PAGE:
Yet, it appears that no leaders or media or conventional economists are willing to say: “Stop, there is a better way to increasing earnings of EVERY citizen by focusing on financial mechanism that create wealth-creating, income-producing capital asset ownership simultaneously with the future capital asset formation of the future.”
But no, they are stuck in one-factor thinking – labor – as the ONLY way to increasing earnings of the vast majority of Americans who are locked out of the system to become a substantial capital owner.
Just the other day I commented on a Harvard study (http://www.foreconomicjustice.org/?p=17155) that points to minimum wage increases resulting in worker layoffs, increased pricing and hour-cuts for existing workers, resulting in reduced employment. Furthermore, as profit margins are further squeezed, those with the ability to automate are doing so and those who don’t are closing their doors. All this is happening and yet the minimum wage of $15 set by some cities won’t become law until, at the earliest, July of 2018.
But raising the minimum wage was supposed not to kill jobs or create operational costs that would squeeze profit margins and result in business closures. Wasn’t it?
Using common sense, if raising the minimum wage will not kill jobs then why not raise the minimum wage to $25.00 or $50.00 or $100.00 per hour? Of course there are consequences that either are reflected in job elimination, increased prices or business closures. Virtually never are the OWNERS of corporations willing to reduce profits, which often are marginal.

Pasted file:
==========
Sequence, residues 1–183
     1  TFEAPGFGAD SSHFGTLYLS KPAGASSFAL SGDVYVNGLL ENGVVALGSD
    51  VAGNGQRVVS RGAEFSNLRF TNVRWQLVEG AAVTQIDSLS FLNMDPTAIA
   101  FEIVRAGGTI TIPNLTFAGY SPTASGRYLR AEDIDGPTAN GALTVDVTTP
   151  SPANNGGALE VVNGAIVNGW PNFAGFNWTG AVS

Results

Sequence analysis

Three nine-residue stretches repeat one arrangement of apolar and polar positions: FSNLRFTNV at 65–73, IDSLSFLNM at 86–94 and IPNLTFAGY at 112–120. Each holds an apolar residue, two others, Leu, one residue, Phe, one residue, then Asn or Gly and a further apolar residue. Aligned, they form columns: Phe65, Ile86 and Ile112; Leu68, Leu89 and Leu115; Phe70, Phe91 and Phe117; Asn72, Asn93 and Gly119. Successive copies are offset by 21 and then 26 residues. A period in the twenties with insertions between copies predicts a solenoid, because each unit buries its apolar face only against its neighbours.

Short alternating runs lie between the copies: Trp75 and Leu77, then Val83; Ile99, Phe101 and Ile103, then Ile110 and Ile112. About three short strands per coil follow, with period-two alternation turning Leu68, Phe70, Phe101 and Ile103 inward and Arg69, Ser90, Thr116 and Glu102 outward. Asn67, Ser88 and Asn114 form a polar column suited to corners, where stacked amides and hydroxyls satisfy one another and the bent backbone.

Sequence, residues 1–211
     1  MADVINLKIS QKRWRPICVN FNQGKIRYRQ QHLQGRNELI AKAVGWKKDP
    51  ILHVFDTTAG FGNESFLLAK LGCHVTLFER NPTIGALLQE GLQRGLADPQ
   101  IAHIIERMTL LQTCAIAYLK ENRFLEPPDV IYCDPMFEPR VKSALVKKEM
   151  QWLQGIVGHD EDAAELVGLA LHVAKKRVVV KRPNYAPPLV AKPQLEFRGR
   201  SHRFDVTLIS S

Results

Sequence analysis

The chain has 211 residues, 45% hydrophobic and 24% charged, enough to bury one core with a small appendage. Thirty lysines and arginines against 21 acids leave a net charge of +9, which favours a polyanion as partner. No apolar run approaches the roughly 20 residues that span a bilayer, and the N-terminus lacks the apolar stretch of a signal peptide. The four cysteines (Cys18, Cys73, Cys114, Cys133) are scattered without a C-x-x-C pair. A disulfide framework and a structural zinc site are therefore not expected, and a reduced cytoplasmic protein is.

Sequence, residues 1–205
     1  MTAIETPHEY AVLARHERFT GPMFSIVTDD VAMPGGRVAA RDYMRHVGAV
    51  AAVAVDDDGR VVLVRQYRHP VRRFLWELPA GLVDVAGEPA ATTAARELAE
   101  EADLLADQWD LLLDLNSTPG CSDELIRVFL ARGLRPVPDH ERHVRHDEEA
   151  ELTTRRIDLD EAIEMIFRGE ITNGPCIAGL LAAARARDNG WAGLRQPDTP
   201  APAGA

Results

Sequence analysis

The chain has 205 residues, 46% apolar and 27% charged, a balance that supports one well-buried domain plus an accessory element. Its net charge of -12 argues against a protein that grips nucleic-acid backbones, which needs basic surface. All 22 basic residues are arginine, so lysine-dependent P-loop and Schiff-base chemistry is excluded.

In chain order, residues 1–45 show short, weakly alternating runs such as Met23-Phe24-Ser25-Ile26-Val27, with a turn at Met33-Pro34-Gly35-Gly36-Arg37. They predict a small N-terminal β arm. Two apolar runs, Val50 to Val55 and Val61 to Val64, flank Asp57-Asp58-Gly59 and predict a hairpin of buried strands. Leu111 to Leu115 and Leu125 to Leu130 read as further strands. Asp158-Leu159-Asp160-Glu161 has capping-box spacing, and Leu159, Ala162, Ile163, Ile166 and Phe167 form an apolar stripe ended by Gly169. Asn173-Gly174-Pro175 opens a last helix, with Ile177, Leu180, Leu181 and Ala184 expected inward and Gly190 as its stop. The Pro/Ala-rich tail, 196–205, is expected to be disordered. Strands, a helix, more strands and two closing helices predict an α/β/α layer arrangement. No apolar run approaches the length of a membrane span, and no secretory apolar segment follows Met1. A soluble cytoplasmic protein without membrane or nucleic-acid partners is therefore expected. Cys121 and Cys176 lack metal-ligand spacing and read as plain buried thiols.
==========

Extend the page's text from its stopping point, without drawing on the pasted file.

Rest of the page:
Competition drives businesses to constantly figure out ways to reduce operational costs. Full employment is not an objective of businesses nor is conducting business statically in terms of geographical location. Companies strive to achieve cost efficiencies to maximize profits for the owners, thus keeping labor input and other costs at a minimum.
If wage levels were not a factor there would be also no reason for ANY company to exit production in the United States and move production to foreign lands with significantly less labor costs. Also, there is the impact on pricing levels, as any increases in the cost of production or service always results in pricing increases – inflation.
If this were not the case, then no companies would be compelled to seek other non-human more cost-efficient means of production or to move production to foreign countries whose workers are paid far less than Americans. Increasingly, companies are seeking more efficient and less long term costs that non-human technology can deliver to reduce their operating costs, provide higher build quality, automate service, and maximize profits for their OWNERS. As is virtually always the case, the OWNERS of companies do not want to reduce profits.
What the proponents of raising the minimum wage fundamentally are addressing is that low-paid American workers need to earn more income.
We need to begin focusing on the means for people to earn more income, and not solely dependent on earnings from jobs, which are being destroyed with tectonic shifts in the technologies of production. We need to implement financial mechanisms to finance future economic growth and simultaneously create new capital asset owners. This can be accomplished with monetary reform and using insured, interest-free capital credit (without the requirement of past savings, a job or any other source of income), repayable out of the future earnings in the investments in our economy’s growth.